And then, in September, 1974, when I moved to Boston to go to art school, my self-imposed atonement came suddenly to an end, as though I had closed the book that I was reading with a snap. Don’t ask for what crime I had been sentenced to atone. A kind of antigravity took over when I stepped from the Greyhound bus. The top of my head flew off. The days appeared to physically grow brighter. The sun moved closer to the Earth. I was as happy as one of the roaches that scurried in my 92 dollars-per-month apartment. 

Did my kitchen not have a stove? Did water leaking from my ceiling destroy a dozen drawings? Was my wallpaper starting to peel off? Did the mice make so much noise that they kept me up at night? What of it? Such hardships fit my definition of adventure. So as not to grow too comfortable, a few days per week I would add to these hardships by sleeping on the floor. In Worcester, I had put my shoulder against an almost immovable wheel. In Boston, in search of the later-day descendants of Bohemia, on the cusp of a cultural moment that I had not yet discovered, not the effort but the sense of difficulty disappeared. 

I had intended to rent an apartment a few blocks from my school. Hopelessly ignorant of the city, I ended up a mile away. What luck was mine! My location was a perfect one, across the street from the Northeastern University Library, whose books would gladly welcome me when I fled from my apartment. Was this place the result of a series of wrong turns? No. I had accepted Baudelaire’s invitation to go with him on a voyage. I had gone where the Old Ones sent me. I was where I was meant to be. If the most important changes are internal, having to do with one’s subtle relationship to events, then there are also times when outer changes are essential, when one would die inside without them. These outer changes then shift the balance between the subject and the object, so that events begin to articulate the psyche, so that the psyche appears to be present in the most random of events.

Continue reading at Scene4:

Image: Andre Masson, Transformation of the Lovers, 1939

My first book of essays, Masks of Origin: Regression in the Service of Omnipotence, is available through Untimely Books:

Sunday, March 5, 2023

Early Days in the Vortex/ Part One

 Having lost your privileges at the Akashic Hall of Records, you have been forced to see through a cone of 55 degrees. Once, before the Deluge, you could see by simply entering into the depth of the world body, which meant, of course, that you should be fearless in exiting from your own. Your current methodology is more cautious. Still, in spite of your amnesia as to origins, by some natural blind reckoning you can sense when you are doing what you should, when chance is cooperating, and when all is moving in accordance with the preexistent death-flash video. This is, at any rate, a good description of your experience when your life is going well. So you tell yourself at the time.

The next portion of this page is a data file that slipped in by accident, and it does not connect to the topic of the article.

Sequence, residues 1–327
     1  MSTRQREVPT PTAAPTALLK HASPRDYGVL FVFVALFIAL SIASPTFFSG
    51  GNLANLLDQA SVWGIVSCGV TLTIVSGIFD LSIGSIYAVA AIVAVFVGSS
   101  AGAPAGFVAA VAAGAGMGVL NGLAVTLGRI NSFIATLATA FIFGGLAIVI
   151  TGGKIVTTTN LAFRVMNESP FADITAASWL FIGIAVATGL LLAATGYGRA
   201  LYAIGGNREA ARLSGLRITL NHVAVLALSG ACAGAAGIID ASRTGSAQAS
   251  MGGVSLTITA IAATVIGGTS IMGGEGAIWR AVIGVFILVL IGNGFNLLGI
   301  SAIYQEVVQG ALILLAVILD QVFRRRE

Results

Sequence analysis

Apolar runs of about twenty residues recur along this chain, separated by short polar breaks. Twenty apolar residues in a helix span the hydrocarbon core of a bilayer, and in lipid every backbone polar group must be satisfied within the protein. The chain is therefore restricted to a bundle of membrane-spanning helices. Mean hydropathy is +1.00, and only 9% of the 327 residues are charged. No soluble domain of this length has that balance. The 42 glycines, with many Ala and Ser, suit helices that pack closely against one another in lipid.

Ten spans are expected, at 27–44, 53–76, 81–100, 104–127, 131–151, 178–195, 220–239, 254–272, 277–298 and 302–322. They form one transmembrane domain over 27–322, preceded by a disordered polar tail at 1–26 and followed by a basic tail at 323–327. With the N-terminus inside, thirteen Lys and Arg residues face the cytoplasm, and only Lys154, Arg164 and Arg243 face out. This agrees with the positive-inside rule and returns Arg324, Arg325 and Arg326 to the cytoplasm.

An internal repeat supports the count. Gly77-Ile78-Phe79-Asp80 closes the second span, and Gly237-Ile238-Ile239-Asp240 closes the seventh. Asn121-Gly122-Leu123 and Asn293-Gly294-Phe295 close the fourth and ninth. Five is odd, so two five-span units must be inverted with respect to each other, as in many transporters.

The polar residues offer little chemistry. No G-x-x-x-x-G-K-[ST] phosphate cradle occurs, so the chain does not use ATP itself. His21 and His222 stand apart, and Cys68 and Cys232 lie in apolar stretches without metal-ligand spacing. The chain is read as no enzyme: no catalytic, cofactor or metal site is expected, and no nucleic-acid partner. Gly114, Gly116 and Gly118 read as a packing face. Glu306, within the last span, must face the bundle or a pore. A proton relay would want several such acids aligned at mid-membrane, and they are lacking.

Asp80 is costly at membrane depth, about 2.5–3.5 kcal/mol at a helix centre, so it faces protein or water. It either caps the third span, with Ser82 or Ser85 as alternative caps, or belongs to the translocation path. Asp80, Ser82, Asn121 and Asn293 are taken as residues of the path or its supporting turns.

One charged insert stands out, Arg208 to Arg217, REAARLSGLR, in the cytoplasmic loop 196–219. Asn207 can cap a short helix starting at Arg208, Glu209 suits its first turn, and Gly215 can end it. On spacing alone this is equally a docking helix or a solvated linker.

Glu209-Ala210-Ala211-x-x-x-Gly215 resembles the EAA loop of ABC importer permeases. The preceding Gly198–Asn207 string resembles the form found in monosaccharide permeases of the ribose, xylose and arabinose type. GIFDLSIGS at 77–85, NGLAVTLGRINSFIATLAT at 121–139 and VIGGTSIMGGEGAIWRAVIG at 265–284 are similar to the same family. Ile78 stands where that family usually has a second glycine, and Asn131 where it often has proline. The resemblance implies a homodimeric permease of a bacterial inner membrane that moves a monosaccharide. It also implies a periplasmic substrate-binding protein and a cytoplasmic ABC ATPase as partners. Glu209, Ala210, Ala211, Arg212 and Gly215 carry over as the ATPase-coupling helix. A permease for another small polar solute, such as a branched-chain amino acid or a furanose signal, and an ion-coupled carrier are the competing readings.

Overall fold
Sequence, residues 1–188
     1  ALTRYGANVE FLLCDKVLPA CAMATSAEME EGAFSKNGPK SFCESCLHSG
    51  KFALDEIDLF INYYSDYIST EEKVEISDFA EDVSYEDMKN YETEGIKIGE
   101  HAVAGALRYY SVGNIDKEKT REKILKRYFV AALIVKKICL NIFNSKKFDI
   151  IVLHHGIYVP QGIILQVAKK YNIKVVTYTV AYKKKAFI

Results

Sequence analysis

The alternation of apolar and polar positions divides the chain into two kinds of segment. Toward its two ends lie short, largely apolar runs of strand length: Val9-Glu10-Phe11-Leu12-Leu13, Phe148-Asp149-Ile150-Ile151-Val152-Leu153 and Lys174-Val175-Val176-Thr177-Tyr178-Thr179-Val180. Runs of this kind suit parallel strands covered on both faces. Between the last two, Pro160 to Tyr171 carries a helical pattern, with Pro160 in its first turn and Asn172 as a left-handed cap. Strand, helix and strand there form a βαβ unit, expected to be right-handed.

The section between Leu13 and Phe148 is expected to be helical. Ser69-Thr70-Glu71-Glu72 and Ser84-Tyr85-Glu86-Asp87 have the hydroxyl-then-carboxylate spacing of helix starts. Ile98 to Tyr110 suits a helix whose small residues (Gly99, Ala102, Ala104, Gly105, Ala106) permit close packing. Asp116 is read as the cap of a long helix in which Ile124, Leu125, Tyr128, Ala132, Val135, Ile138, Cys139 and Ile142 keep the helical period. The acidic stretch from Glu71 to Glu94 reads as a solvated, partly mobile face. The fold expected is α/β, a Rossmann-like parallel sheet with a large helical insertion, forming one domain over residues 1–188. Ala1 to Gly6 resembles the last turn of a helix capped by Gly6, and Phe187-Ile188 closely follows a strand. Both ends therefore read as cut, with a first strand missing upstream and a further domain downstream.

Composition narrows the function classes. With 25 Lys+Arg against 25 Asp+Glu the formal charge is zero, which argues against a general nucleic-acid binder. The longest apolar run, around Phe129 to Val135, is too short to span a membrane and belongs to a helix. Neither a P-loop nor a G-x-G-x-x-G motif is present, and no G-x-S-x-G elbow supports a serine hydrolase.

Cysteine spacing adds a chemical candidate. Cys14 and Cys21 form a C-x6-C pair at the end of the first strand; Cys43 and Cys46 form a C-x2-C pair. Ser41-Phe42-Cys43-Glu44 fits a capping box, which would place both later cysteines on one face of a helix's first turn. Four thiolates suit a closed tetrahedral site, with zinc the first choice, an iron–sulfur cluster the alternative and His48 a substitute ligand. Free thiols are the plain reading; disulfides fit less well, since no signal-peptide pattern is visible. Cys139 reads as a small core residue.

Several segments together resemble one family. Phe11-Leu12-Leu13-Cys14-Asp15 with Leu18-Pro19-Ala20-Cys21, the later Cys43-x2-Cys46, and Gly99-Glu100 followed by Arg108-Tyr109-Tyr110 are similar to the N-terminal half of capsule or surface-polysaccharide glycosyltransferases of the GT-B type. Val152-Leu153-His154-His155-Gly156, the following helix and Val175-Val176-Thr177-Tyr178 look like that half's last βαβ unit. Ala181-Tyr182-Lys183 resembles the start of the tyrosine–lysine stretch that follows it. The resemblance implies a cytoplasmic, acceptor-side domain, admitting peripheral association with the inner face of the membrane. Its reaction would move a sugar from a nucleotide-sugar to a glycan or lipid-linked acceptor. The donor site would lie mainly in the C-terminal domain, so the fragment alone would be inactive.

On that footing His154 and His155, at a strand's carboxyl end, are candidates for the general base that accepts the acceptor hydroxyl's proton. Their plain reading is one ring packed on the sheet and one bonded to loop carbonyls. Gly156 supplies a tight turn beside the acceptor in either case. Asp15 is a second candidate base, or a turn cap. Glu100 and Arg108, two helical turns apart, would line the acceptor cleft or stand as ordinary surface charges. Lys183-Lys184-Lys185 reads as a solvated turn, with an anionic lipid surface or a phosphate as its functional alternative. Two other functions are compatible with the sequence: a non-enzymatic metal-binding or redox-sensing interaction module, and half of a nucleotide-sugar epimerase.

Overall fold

You will probably choose to overlook the fact that several days have gone missing, along with several continents, and that there is no way to un-brand the barcode from your forehead. If only the world body had not been turned into a shopping mall, in which there is no way to tell if you are product or consumer. If only your guides were more consistently supportive. If only no other forces were at play. If only you could interpret your harsh punishment as proof that you had taken a wrong turn. If only Pollyanna were omniscient. To the extent that you can judge, the operative principle is as follows: if you are good, you will get patted on the head; if you are bad, you will get spanked, or vice versa.

Beneath black domes, the all-seeing eyes of the video-cameras watch. They are motion activated. They come equipped with the latest in backscatter x-ray technology, which does only minimal damage to the chromosomes, or so your masters say. There is no point in pretending to keep secrets! There are few embarrassments that are not yet part of the archeological record, few atrocities in which you have not yet indulged, including those about which you are dreaming at this moment. The cameras move with you, step by step, as you attempt to probe more deeply into the mystery of the labyrinth.